7/2/09 If a wind turbine blade explodes in a German forest and no one in the USA hears about it, does it make a sound?
July 2, 2009: Wind Turbine throws blades, cuts path through forest
A fierce storm on the afternoon of July 2, 2009 destroyed portions of an industrial wind turbine located between Brieske and Schwarzheide in Germany.
Pieces, as shown in this photo, flew 150 meters (about 500 feet) through the air landing about 50 meters (about 170 feet) from federal highway Nr. 169.
No one was injured.
The approximately 40 meter (about 100 feet) blade broke several trees as it cut a track through the forest. The blade showed signs of lightning damage.
Extra Credit Question:
WHAT HAPPENS WHEN LIGHTING HITS A TURBINE BLADE?
When Lightning Strikes Wind Turbines
By Kate Galbraith
With snow, ice and frigid weather, winter creates complications for renewable energy, as I wrote last week. But for Ralph Brokaw, a Wyoming rancher with both cows and wind turbines on his land, the worst hazard is not the ice that his blades can throw off in the winter.
Rather, it is lightning strikes on the towers, which usually occur in summer when there are more storms.
The effect is spectacular — and scary. “It will explode those blades, and they’ll throw chunks of blade several hundred feet,” Mr. Brokaw, a member of his local fire department, told me over the telephone.
As the chunks fall, the firefighters douse them with water. Otherwise, “There’s really not much you can do with a turbine that’s 200 foot tall and on fire,” he said.
Mr. Brokaw said that in the past five years he has been called to help put out two or three turbine fires. He said that “there’s oil and gearboxes and a tremendous amount of wiring” in the generator — so even though the turbines are very well-grounded, they can sometimes light up.
MORE EXTRA CREDIT READING: [Source]
When Lightning Strikes Wind Turbines II
Back in December, a Wyoming rancher described to me the terrifying fireworks that ensue when a bolt of lightning hits a wind turbine.
“It will explode those blades, and they’ll throw chunks of blade several hundred feet,” said Ralph Brokaw, whose ranch accommodates both turbines and cows.
After I wrote the post, I got an e-mail message from Kim Loehr of the Lightning Protection Institute. She wrote to tell me that the National Fire Protection Association has updated its handbook on installing lightning protection systems to include a new section on wind machines.
Due to the proliferation of wind farms and the increasing heights of the turbines — some of them more than 250 feet tall — there is, she noted, a rising number of lightning-related incidents.
Now that the thunderstorm season is rolling around (central Texans were roiled by lightning shows over the weekend), I thought I would share a few pointers.
According to the handbook, wind turbines are particularly complicated to protect because they have so many different components — including non-conducting composite materials like glass-reinforced plastic. Any lightning protection system must therefore be sufficiently comprehensive to take account for all of the parts.
“While physical blade damage is the most expensive and disruptive damage caused by lightning,” the handbook states, “by far the most common is damage to the control system.”
The massive blades will often have a receptor at the tip, which can channel the lightning into the proper wires and onward to the ground. Two receptors might be necessary for larger blades.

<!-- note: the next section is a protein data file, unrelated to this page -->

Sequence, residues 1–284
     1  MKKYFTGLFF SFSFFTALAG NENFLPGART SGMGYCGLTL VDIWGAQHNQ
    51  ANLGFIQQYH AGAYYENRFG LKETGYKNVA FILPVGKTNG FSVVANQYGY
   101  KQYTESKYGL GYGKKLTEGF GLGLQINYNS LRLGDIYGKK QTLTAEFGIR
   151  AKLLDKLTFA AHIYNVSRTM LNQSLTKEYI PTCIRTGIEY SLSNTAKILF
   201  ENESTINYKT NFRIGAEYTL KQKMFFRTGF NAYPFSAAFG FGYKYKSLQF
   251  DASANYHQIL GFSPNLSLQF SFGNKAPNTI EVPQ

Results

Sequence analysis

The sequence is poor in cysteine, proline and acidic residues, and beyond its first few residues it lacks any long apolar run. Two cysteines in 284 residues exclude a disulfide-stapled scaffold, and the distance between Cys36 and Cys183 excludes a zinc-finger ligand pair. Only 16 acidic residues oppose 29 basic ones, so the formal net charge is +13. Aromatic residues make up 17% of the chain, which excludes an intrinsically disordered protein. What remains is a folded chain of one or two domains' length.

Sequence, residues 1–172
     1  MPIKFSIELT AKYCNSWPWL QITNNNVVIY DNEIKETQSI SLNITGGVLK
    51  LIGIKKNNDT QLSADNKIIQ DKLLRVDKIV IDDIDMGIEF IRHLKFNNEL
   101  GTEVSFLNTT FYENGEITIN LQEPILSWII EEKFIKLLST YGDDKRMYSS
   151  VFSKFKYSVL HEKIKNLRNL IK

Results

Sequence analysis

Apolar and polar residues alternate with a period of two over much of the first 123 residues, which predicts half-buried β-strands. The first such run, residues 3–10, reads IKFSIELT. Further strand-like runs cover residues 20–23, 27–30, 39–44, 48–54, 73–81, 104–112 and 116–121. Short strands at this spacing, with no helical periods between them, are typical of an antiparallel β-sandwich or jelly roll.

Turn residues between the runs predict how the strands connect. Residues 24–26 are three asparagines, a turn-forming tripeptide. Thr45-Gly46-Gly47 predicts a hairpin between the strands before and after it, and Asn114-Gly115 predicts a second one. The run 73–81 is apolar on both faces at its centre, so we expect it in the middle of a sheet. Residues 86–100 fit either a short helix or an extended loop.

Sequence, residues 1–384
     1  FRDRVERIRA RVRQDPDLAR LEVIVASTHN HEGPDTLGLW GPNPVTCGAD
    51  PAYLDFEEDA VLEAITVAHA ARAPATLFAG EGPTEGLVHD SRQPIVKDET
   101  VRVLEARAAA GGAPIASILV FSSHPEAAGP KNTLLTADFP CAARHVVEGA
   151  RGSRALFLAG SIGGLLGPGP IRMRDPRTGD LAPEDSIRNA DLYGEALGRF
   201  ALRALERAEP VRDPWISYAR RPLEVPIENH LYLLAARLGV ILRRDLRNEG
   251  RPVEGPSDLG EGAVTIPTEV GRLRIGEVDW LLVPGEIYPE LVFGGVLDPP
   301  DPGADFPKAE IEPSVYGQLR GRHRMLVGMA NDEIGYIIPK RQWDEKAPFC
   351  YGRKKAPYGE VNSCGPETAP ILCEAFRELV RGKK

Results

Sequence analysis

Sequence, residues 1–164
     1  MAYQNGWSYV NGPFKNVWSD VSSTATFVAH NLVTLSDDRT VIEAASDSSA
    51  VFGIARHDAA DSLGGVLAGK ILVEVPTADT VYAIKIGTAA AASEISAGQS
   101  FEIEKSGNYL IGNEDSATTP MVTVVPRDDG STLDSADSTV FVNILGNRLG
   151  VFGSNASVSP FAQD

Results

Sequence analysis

“Protecting wind turbine blades against lightning is not about avoiding strikes, but attracting them,” states LM Glasfiber, a global blade manufacturer, on a section of its Web site devoted to lightning. “This makes it possible to direct the flow of the lightning and ensure that the components exposed to its effects can withstand the forces involved.”
The company says that it meets certification standards requiring blades to be capable of withstanding 98 percent of lightning strikes.
Without the system, though, it’s not pretty: “A lightning strike on an unprotected blade can lead to temperature increases of up to 30,000 degrees Celsius, and result in an explosive expansion of the air within the blade,” LM Glasfiber states.
EVEN MORE EXTRA CREDIT READING:
Case study of lightning damage to wind turbine blade
May, 2008 by Richard Kithil
This brief document provides a case study ofa wind energy facility in Texas and the effect of lightning strikes on wind turbine blades.
Despite the1.5 MW turbine blades having been equipped with lightning protection, the blades failed as a result of lightning strikes.
According to the report:
Lightning protection consists of several exterior copper “receptor” air termination discs, which are fastened to interior aluminum conductors running the length of the blade.
Conductors are fastened to the blade and to one another with steel bolts.
Near the blade root a portion of the conductor is imbedded into the fibreglas.
The conductor transitions from the blade root area via bonding to the hub and thence to a ground reference.
Other components of the lightning protection systems were examined briefly.
The manufacturer provided satisfactory surge protection for sensitive electronics.
Grounding requirements were completed “per manufacturer’s specifications” by the installation contractor.
The lightning conductor did not conduct as designed.
Lightning created an internal shock wave from air or moisture expansion, or both.
Lightning temperatures may have caused interior moisture to transition to an expansive state (steam).
In turn, over-pressures stressed the blade to subsequent failure.
Further research into wind turbine blade interior air/moisture expansion issues is needed.
The full report can be accessed by clicking on the .pdf link below.
wind_blade_damage.pdf (426.6 kB)